It, thus, becomes evident that further experimentation is necessary with more in-depth investigation to elucidate possible underlying mechanisms or causal processes for the results reported herein. The results are consistent with studies already reported in the literature and further studies are increasingly showing similar results; hence it is apparent that the current paradigm provides a sufficient model for such studies to probe the beneficial interaction of biofield energies and plants. It is therefore necessary that these findings are discussed and further investigated by science, using objective and systematic methodologies in order to address misconceptions and/or standard assumptions associated with the phenomenon and derive useful models for prediction and analysis of such results. The scope and extent of the influence in these cases also need further study, through systematic monitoring of various growth parameters and treatments at different stages of growth. In the case of ginseng, the benefits of these treatments included higher root quality ratings resulting in greater gross return yields. In the case of blueberries, there were greater total yields over the course of a season for two different varieties. However, while adequately replicated statistically, these studies still represent a single test at a single site for each crop for the 2011 season. Nevertheless, the reported results have confirmed the ability of the biofield technique to increase yield and profit-related parameters in these two species. Future studies are warranted in order to further probe these trends.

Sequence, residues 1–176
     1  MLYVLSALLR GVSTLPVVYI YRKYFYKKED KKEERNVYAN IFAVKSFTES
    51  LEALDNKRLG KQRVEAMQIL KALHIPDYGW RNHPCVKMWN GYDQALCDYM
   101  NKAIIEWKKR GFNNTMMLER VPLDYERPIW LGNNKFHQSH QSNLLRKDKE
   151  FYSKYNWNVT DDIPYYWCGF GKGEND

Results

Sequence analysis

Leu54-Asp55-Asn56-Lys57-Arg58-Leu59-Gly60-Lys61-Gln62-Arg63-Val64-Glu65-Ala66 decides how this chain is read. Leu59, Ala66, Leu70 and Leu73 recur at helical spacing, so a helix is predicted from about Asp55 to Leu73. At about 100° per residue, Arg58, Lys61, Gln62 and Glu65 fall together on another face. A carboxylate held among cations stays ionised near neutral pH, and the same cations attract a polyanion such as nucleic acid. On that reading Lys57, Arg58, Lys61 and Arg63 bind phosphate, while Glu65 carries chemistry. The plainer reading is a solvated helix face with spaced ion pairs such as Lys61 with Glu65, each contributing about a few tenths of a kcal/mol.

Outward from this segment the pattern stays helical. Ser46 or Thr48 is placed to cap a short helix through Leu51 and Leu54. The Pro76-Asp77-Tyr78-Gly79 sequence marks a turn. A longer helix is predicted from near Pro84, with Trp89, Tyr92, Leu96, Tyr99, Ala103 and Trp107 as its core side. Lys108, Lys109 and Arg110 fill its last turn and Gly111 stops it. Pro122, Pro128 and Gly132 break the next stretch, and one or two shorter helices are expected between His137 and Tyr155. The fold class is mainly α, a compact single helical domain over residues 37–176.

CONCLUSIONS AND SUGGESTION

Biofield treatments have been seen to beneficially impact yield and profit-related parameters in ginseng and blueberry crops, improving overall quality as well as quantity of yield in the field. Further studies on various stages of plant growth are required to determine the scope of the influence as well as to probe underlying mechanisms, whereas the study here has established the ability of the plants to respond to the treatment.

ACKNOWLEDGEMENTS

This project was supported by the Trivedi Foundation, AZ, USA.